CNN: "The government is invoking the public safety exception to question Tsarnaev"

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posted on Apr, 20 2013 @ 03:47 AM
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www.cnn.com...

The title of this post a quote from the middle of the CNN article, where they discuss this issue at a very surface level.

This is a very dangerous precedent IMHO. Tsarnaev is a citizen of the USA. However grievous the crimes he is accused of are, it is a very slippery slope if exceptions to our law of "innocent until proven guilty" are made.

en.wikipedia.org...

Even if he was not a citizen, I would of course argue the same thing. But the fact that he is a citizen eliminates some of the arguments that might be made against what I am saying - that's the only reason I bring that up.

The primary goal of terrorist acts against this great country are to undermine the foundations of our country and to weaken us in this manner. And this right of law is one of the most important and powerful foundations.

Paradoxically, if we allow an exception to be made and this law to be relaxed in his case - guess what - they have accomplished their goal.




posted on Apr, 20 2013 @ 04:03 AM
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NDAA, he's probably already dead.



posted on Apr, 20 2013 @ 04:06 AM
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The exception has been around for years, I would say that in this case its use is warranted.

It does not mean the Miranda rights do not exist to the suspect, just that he need not be informed of them, and that information he gives will not be thrown out for not having had his rights read to him.

FBI The public safety exception


The Supreme Court chose to address whether a public safety exception to Miranda should exist. In this regard, the Court held that: "there is a 'public safety' exception to the requirement that Miranda warnings be given before a suspect's answers may be admitted into evidence, and the exception does not depend upon the motivation of the individual officers involved."25 Thus, according to the Court, without regard to the actual motivation of the individual officers, Miranda need not be strictly followed in situations "in which police officers ask questions reasonably prompted by a concern for the public safety."26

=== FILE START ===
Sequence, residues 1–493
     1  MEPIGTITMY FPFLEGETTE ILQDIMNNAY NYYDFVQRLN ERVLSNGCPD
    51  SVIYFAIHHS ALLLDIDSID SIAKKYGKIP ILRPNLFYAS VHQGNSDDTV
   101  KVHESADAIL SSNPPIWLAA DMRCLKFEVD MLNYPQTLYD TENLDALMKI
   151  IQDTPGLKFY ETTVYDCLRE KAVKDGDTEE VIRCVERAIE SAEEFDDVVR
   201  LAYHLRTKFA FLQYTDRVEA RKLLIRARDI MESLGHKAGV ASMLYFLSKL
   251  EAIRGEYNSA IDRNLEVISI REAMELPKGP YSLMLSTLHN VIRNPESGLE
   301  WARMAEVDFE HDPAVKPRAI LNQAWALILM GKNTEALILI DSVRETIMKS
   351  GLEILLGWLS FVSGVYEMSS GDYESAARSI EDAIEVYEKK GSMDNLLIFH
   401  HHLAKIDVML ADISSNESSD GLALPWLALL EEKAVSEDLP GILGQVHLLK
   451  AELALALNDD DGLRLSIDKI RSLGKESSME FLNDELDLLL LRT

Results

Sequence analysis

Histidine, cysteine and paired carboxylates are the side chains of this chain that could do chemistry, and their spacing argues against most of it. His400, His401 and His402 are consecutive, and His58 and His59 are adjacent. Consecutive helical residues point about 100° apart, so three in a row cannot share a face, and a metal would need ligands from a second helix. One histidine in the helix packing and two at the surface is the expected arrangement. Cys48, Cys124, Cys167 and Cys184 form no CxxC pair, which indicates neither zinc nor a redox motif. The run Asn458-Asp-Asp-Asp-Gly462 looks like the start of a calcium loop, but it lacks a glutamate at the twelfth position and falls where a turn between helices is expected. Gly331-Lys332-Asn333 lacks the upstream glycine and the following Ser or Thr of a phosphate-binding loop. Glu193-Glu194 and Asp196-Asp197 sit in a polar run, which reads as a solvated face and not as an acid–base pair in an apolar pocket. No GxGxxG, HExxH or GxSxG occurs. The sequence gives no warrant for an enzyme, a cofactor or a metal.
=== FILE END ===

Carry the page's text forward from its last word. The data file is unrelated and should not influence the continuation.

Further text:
eta


The Quarles Court made clear that only those questions necessary for the police "to secure their own safety or the safety of the public" were permitted under the public safety exception.


It is a very limited exception, as he may have hidden other devices around there is a real concern for safety.
edit on 20-4-2013 by benrl because: (no reason given)



posted on Apr, 20 2013 @ 04:24 AM
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i look at this event as a story told by the media like a movie. In this case it involved real people. the story says two guys made two bombs that killed 3 people. the government conducted a man hunt posting pictures validating the many surveillance cameras that have been put up. they involved the public to be informants to rat out the bad guys, there was a massive manhunt which involved shoot outs that killed more people including one of the bad guys and the government captured the other bad guy. now they will violate his rights as a citizen cuz he's a terrorist. he will suffer torture. during the manhunt police state tactics were used to 'protect the citizens' while they surrounded the bad guy. men in black uniforms backed by armored vehicles showed an impressive display of power. now i see this in the head lines


news.yahoo.com...

hurrah!!!! i feel safer. thank you good guys!!!!!

how many people have we bombed and killed with drones?
dont me get wrong im sorry about the 3 people that died in the bombing and the wounded. they have to deal with the trauma of the event for years to come.

but please do we even know whats real anymore? for all we know this could have been a covert op. there were bomb sniffing dogs in the area why didnt they pick up the bombs?

ever since the treason of 9/11 i dont trust anything except that the government has been working towards a police state for us to be ruled in a fascist state and this whole event displayed what that future will look like



posted on Apr, 20 2013 @ 04:29 AM
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reply to post by benrl
 


Yes, I understand this and believe me I am torn. However, my main concern is that this "exception" could be abused to allow for extreme and unusual questioning of Tsarnaev under physical and/or psychological duress, without any legal protection for him.

Honestly, I don't know what the right thing is for the feds to do in this case. I started this post because I thought a healthy debate on this topic is appropriate.

A part of me feels that they should in fact question him "under duress" without any protection in order to get whatever information they can, in case they find out info that there might be other attacks coming, or info on bombs that were planted that they haven't discovered yet. However, he is severely injured and even if they aren't "actively" torturing him, etc - if they are questioning him while he is still in a severely injured state, and probably pumped full of all kinds of painkillers and who knows what other drugs in the hospital, this seems to me to be a violation of our basic laws around interrogation.

One question to ask is whether any information he has to give under such duress will be more valuable than protecting our basic freedoms as a highly civilized country, if we violate such freedoms by questioning him in this condition.



posted on Apr, 20 2013 @ 04:32 AM
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reply to post by PhysicsAlive
 


I'm sure this kind of thing has been done before, at least in america - seems right and makes me wonder how good our memories are. All the main percentage of MSM is to condition and distort perspective on a constant basis. Sometimes there is a lull but only because the next scene is being set up, fated or not. Suffering sells their approval and the audience claps.